Blog Archive

Let’s admit it: we all have moments that we are craving to go back to those times when we were complaining about the huge amount of work after waking up at noon and still recovering from the evening before. Alas – without being rude – these days have passed for most of us. This also implies that participating in the Delaware Game of Operational Excellence is no longer an option. As a consolation, we give you a glimpse behind the scenes of this business game.

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Most marketers seem to agree: in 2015, the customer will once again be at the heart of the brand strategy. There are countless new technologies that drastically change the way we do business, but research among marketers shows that they are merely meant to be a driver for better customer experience. Let’s take a look at some of the things you can do to make your customer fall in love with your brand over and over again.

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We recently announced the hiring of our 1000th employee. This is a good time to look back on the past as well as to look into the future. Growth of the overall economy is stalled these days. Is aiming for growth of your own business still a good thing?

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Here’s a bold statement for you: there’s nothing unique about your strategy. Sorry.

As consultants on strategy clarification, we take deep-dives into the strategies of different companies in different industries. And very often (almost always), we encounter the same or very similar strategic objectives. Most companies and IT departments want to 1) become more agile, 2) get closer to the business, and 3) do something with Big Data. The wording may change but the meaning stays the same.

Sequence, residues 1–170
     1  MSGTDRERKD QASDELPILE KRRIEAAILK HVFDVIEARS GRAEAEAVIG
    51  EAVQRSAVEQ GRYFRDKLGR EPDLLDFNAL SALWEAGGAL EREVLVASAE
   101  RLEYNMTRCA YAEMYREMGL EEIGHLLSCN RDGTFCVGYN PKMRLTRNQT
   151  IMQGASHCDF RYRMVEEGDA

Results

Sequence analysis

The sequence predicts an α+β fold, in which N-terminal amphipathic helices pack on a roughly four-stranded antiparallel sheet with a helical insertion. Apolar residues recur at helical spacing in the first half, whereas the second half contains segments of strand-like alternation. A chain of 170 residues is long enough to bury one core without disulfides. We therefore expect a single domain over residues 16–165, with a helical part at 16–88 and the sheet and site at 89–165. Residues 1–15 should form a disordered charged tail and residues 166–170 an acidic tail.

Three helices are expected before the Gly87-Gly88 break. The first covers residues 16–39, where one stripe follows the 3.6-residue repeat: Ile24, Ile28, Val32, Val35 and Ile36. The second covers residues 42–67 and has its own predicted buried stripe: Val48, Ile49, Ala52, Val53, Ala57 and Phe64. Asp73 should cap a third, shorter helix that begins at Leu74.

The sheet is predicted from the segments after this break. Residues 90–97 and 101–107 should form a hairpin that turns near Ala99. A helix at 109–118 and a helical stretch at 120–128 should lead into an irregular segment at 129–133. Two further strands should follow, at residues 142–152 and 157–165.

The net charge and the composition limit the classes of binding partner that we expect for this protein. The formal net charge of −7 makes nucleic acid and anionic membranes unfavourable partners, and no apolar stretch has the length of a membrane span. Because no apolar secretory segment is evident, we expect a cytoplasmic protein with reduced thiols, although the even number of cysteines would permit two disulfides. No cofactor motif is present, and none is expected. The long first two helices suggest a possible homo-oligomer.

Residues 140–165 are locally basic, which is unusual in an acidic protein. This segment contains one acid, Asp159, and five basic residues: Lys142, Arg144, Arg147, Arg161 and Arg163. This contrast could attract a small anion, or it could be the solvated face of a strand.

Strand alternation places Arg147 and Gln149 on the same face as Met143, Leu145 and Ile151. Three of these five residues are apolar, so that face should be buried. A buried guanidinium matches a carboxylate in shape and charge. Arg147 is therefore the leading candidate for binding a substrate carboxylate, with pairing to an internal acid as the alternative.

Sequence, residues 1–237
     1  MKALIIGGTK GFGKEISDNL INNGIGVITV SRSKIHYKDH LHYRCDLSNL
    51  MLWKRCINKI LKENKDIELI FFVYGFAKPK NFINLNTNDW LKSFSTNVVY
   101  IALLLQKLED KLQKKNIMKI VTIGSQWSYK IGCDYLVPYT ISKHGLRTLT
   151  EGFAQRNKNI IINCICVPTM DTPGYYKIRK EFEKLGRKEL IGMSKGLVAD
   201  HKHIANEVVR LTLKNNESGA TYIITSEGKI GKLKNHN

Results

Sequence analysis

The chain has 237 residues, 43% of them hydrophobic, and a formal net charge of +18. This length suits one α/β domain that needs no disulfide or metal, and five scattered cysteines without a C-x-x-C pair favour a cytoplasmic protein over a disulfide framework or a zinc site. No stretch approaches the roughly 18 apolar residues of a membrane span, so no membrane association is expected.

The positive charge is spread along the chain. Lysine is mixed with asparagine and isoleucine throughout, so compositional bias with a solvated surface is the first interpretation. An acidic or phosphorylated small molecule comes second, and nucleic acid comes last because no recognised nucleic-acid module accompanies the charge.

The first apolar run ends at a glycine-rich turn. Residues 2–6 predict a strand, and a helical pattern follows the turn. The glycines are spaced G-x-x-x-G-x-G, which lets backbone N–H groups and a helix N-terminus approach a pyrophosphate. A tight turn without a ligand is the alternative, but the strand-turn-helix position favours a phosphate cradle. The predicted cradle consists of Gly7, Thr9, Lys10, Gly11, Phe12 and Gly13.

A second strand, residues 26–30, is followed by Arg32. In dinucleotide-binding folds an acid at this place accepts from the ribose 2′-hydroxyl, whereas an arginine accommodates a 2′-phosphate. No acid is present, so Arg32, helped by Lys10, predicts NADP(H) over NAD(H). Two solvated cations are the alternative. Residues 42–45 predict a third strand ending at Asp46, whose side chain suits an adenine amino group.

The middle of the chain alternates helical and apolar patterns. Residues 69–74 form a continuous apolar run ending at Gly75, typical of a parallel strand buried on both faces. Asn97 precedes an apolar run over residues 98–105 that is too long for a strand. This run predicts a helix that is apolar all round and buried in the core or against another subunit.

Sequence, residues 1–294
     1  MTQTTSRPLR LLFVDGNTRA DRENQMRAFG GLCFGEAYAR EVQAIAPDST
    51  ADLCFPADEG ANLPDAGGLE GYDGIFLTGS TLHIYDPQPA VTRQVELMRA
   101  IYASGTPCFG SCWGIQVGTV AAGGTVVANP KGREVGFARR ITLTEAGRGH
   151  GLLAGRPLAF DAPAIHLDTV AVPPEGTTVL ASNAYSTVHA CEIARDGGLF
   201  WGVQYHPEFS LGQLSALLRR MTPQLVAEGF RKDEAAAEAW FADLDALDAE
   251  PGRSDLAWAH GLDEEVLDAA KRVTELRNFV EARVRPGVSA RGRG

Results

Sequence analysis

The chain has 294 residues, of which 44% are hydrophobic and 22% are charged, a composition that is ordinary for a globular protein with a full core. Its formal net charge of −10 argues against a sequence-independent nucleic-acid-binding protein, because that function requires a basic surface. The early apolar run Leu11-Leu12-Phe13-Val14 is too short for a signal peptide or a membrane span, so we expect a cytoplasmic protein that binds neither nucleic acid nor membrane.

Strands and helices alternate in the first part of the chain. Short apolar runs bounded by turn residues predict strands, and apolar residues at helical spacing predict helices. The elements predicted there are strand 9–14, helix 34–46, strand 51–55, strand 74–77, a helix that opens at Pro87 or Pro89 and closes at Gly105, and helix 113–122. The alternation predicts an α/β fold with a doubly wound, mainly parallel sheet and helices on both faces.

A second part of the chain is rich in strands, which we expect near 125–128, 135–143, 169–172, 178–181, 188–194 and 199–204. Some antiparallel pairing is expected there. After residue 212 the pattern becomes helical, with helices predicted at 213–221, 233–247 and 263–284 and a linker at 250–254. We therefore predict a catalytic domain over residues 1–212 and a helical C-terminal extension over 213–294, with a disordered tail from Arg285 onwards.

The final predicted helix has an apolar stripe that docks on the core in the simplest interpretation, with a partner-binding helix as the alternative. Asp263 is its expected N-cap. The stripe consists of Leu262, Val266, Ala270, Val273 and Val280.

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As consultants, we regularly support our customers in their strategy review process. We are wholehearted advocates of this kind of initiative. Not because it gives us a nice opportunity to reconnect with the customer or because it might serve as a ramp-up to a new project. No it is more a matter of organizational hygiene: in today’s dynamic, interconnected and pretty unpredictable world, it is important that companies stay in tune with the industry they operate in. If organizations don’t, they become irrelevant sooner or later. And since we are genuinely committed to our customers’ successes, reviewing the plan is something we enthusiastically support.